Bob Peoples deadlifted officially 710 pounds at a how in Nashville Tenn.
Bob lifted in The Southern Championships held in Chattanooga on Dec. 7 and pressed 205, snatched 220 and clean and jerked 260. Cleaned 275 but failed to hold the jerk. Bob Peoples is a very congenial fellow. He is also a very successful farmer. He has a charming wife and a small daughter. His wife has been very helpful in his training programs for his work forces him to train at odd hours of the day and she is always co-operative in planning his meals etc. to coincide with his training programs. Here is a lot of Bob’s measurement and best lifts.
Height: 5′ 9 1/2″, weight 181lb., neck 17, biceps 16 1/4, forearm 13, chest 45, waist 34, hips 40, thigh 24 1/2, calf 15 1/2 – Press 215, alternate press 100 pound dumbbells three reps., curl 135 pounds, snatch 230 pounds, clean and jerk 275 pounds, clean in press position without split 300, squats 400 pounds, half squats 650lb, Deadlift 600lb 10 reps. 625lb 5 times, 650 three times. 680 two times and 700 once. Bob can walk with 1,000 bar across his shoulders.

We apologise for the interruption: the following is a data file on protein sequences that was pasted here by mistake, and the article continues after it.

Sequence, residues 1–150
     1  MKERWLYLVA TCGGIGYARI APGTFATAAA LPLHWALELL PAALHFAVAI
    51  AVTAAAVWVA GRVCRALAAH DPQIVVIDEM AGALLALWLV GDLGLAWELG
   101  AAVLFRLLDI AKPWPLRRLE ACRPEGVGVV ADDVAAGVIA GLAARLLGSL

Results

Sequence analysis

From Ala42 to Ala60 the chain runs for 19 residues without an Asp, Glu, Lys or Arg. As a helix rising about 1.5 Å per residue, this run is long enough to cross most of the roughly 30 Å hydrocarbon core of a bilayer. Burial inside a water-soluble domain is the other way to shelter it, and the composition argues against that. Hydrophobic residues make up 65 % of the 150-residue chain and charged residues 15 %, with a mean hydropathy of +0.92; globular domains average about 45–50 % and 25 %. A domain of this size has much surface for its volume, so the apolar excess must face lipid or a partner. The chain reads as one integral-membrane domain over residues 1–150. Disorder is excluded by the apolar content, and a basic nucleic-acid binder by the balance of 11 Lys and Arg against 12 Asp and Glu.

Bob Peoples’ close friend Bob Hise tells about the training methods of Bob Peoples
“I have talked with Bob a lot about his training program and he was always specialized in deadlifting in all the various forms. He started by doing exercises to build all around strength, such as carrying heavy objects for a great distance. Early in his lifting career he would load up his home made affair and carry it down a hill in front of his house and walk across a small foot bridge, climb the steps to the road – rest a short time and retract his course.